Every time anyone is signed by Barcelona, there will be a wide variety of reactions. Alexandre Song is no different from any of those. Having been purchased for €19m from Arsenal earlier today (yesterday for the majority of those reading this), Song is just another player in a long line of dissected transfers. He is at once a compatible midfield dynamo and an overrated waste of money. As someone who has not particularly noted his abilities prior to this, I tend to fall on the latter side of the argument more so than on the former, but as with all signings by Barça, I’m also willing to give him the benefit of the doubt.
To Sport, on the other hand, Song is an African who reminds them of Yaya Toure. It is almost as if, because he is also a midfielder, he must remind them of the Ivorian. They are both black, they are both African, and they are both taller than 5’5”. Therefore they are the same. He is described as a ball-winner, as a physical beast, as a typical midfielder. That is all Yaya, they say. Yet they defeat their own argument by pointing out that Song was also the leading assister in the Premier League with 14 (there seems to be a bit of a translation issue with “throughballs” and “assist” but that is the nature of statistics in football—I neither know nor care which is correct as it is about perception more than actuality). He is a ball winner and pass machine, Sport says. So he’s Yaya because he’s a physical specimen or because he’s intelligent on the ball? Or is it because he’s tall and African?
The United States considers itself an open country. If you have talent, you will rise to the top and succeed amongst the greatest. In sports, those who are able to out-perform will be exalted. The National [American] Football League is generally known for its acceptance of talent from whatever walk of life. Yet it seems obvious that whenever I watch a game where the quarterback of one team is white and the other is black, there is a wild deviation in descriptors used by the commentators. Tom Brady and Tony Romo are intelligent pocket passers with an eye for the game while Michael Vick and Cam Newton are athletic machines capable of making defenders miss. Ben Roethlisberger understand opponents’ moves before they happen while Donovan McNabb always had a faster reaction time than anyone. The bottom line for these statements: white is intelligent, thoughtful; black is athletic, strong.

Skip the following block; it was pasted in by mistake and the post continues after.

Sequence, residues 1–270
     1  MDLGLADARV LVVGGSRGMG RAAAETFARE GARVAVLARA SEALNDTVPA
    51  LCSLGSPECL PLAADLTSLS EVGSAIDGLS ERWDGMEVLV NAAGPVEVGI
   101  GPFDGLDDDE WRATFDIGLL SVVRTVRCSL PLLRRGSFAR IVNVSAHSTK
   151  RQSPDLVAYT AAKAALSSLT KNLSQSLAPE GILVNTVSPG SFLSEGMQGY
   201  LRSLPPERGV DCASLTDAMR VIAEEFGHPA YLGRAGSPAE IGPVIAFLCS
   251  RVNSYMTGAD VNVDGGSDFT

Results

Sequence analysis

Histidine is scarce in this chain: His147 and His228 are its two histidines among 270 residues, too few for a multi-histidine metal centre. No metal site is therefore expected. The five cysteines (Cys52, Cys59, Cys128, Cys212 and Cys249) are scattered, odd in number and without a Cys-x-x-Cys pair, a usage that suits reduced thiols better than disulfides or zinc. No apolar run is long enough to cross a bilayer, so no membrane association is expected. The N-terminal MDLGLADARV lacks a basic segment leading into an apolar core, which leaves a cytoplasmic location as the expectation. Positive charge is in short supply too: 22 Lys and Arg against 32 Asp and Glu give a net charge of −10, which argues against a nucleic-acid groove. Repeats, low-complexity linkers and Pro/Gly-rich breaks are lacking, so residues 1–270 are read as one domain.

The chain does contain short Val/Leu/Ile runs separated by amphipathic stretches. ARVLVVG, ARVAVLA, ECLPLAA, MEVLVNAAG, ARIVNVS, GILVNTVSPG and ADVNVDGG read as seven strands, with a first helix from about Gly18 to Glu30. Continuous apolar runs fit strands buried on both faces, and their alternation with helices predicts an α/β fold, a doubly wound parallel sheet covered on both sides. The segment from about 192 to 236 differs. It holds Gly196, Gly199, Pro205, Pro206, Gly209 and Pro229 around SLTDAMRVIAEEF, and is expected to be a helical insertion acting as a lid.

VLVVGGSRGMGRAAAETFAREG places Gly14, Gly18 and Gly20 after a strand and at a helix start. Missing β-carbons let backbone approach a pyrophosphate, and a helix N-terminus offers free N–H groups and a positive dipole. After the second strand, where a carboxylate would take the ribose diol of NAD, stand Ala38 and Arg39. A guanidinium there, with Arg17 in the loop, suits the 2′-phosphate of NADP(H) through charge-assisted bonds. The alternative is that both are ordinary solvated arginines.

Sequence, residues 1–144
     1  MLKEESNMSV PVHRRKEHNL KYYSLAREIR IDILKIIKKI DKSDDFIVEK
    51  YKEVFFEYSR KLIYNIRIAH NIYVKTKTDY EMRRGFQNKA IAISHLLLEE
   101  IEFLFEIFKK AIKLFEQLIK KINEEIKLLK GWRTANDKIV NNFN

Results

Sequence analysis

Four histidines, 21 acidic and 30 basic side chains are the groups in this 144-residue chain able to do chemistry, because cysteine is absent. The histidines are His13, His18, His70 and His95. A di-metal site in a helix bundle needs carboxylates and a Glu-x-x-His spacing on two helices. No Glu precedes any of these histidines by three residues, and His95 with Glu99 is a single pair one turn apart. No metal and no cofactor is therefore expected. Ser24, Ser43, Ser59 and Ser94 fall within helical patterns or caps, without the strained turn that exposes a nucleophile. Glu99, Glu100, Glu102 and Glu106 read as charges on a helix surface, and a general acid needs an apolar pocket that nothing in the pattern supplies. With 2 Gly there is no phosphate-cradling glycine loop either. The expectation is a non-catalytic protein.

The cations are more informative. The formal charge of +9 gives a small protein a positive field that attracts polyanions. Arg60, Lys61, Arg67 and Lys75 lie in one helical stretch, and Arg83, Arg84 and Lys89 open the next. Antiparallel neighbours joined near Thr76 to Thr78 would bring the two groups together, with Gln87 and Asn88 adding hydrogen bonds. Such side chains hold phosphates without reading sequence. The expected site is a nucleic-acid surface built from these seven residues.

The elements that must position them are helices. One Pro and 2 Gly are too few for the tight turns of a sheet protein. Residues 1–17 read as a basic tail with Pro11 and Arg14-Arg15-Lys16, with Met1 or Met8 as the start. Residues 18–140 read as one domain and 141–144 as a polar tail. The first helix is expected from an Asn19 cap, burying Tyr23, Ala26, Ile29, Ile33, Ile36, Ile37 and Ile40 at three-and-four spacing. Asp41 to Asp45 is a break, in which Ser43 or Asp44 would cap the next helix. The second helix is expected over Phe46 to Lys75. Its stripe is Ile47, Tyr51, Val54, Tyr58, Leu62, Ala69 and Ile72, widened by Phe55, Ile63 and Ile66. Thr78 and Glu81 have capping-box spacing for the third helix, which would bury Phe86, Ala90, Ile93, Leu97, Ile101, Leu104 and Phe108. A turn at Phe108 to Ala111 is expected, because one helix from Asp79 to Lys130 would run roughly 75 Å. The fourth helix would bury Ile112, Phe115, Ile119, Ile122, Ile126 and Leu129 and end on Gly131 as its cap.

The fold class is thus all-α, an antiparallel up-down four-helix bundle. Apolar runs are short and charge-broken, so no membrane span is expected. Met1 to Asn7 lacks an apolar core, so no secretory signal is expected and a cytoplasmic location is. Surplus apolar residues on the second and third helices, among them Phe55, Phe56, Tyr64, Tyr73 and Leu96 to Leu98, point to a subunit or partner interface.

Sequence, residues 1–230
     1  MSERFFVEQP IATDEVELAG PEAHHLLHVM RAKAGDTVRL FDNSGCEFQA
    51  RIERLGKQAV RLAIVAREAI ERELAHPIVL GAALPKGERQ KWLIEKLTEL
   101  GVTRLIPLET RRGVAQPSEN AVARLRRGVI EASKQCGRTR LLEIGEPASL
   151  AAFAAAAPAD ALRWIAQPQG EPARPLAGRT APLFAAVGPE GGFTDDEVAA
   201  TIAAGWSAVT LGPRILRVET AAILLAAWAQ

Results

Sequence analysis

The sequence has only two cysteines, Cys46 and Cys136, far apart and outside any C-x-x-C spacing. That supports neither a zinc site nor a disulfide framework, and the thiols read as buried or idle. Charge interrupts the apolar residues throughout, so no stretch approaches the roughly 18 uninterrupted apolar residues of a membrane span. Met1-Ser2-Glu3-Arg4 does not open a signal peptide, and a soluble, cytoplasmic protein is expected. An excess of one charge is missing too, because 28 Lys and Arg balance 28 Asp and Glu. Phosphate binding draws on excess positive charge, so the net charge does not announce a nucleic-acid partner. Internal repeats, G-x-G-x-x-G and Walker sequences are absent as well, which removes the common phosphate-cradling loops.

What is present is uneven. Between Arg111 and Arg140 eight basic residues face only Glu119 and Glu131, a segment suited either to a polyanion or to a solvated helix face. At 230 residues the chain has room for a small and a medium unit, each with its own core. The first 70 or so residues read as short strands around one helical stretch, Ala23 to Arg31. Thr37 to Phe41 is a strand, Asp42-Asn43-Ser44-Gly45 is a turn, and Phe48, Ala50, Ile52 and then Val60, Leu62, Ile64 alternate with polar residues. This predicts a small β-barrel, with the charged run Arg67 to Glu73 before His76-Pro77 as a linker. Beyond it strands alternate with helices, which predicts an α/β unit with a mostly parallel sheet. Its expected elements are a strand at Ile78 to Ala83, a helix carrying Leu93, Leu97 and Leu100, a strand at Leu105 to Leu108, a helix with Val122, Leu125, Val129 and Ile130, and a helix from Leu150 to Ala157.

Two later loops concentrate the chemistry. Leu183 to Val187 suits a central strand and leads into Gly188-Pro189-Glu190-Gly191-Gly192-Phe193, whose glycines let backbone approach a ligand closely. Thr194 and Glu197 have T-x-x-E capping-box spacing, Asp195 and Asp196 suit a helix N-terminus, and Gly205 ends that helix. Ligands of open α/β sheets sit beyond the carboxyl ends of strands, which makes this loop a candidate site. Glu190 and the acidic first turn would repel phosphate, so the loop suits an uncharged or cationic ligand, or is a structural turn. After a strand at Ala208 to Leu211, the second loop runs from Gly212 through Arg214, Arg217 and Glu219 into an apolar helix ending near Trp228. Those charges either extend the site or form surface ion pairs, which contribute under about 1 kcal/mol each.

Sport is no different in this. Alexandre Song is no more Yaya Toure than Seydou Keita was. And yet, because they are all three black, all three African, they must be from the same school: powerful, tall, and fierce. It is a trope and it should be watched out for.
I love Yaya as a player because he is intelligent, technically gifted, and has the tackling skills of a Gringot’s goblin in a gold vault. He is physically large and certainly capable of running down lesser hominids (“to Yaya” a person – Spanish: Yayaear – is to destroy their soul through physical carnage), but his true strength lies in his on-the-ball abilities. Javier Mascherano is equally capable of physical assault, yet he is not “a physical specimen.” Carles Puyol crushes the souls of lesser men on a regular basis, but he is “an intelligent defender.” It is a double standard and it should not be allowed to continue.
Whatever your thoughts on Song, whatever your opinion of any black or African player before him, be sure to judge him on what he actually does, not on his height or the size of biceps. Keita was not an enforcer; rather, he was a midfield genius capable of more deft tricks than he ever got credit for from the media. Do not be fooled, Song is an individual, not a player created from a sub-Saharan mold.